NEW YORK (Reuters) - At "Madiba," a South African-themed bar in Brooklyn named for Nelson Mandela, mourners responding to news of the anti-apartheid champion's death on Thursday gathered to launch giant white lanterns and to consider how they would pay tribute.
The bar, which takes its name from Mandela's Xhosa clan name and is decorated with huge Mandela posters and Zulu designs, has long been a home away from home for South Africans in New York. Many patrons said it was the natural place to come when they heard of Mandela's death.
"He is like a father to us. He taught us about forgiveness and peace," said Michelle Andrews, 43, a native of Cape Town, South Africa, who has lived in New York for 18 years.
Carl Hlazo, 40, who was born in Zimbabwe but now lives in New York, said he planned to part his hair to the side, as Mandela once did, as a small tribute.
"It's very hard to take a monumental figure like that and put it into words," said Hlazo.
For others, deciding how best to honor the former South African president and Nobel Peace Prize laureate who emerged from nearly three decades in apartheid prisons to help guide the nation to democracy, seemed daunting.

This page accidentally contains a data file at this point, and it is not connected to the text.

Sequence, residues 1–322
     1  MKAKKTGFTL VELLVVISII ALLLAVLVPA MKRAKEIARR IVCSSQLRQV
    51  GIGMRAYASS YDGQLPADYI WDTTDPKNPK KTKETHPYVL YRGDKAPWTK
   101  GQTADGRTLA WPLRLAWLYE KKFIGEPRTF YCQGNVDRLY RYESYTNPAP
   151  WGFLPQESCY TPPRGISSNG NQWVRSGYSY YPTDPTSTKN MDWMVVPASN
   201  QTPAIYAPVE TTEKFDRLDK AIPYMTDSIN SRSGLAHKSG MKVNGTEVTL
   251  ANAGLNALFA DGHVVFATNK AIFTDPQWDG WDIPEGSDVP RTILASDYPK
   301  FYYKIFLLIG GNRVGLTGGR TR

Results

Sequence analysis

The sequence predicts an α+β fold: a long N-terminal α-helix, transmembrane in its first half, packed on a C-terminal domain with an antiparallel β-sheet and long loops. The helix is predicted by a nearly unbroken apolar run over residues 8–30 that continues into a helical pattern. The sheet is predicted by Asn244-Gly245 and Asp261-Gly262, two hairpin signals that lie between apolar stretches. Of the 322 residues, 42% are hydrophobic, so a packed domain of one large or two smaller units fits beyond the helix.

Andre Merriweather, a teacher who was born in New York and considers Mandela a personal hero, was struggling with how he would explain Mandela's passing to his students, who he said were too young to know much about him.
"In 500 years, if people are talking about our time, they'll say we lived in the era of Nelson Mandela," Merriweather said.
Outside the bar, Denis Du Preez, the bar's co-owner and a native South African, was arranging about two dozen large white lanterns he planned to release in Mandela's honor - a repeat of a tribute the bar organized on its namesake's last birthday.
Du Preez said he had opened the bar as "a tribute for all (Madiba) has done for us," and so it was fitting that South Africans and those who admired Mandela should have come here to honor his life and legacy.
As the lanterns were lit and released, floating above the colorful facade of the bar and up past brownstone apartment buildings in the New York City borough, onlookers cried out, "Vive Mandela!"
(Reporting by Edith Honan in New York; Editing by Eric M. Johnson and Peter Cooney)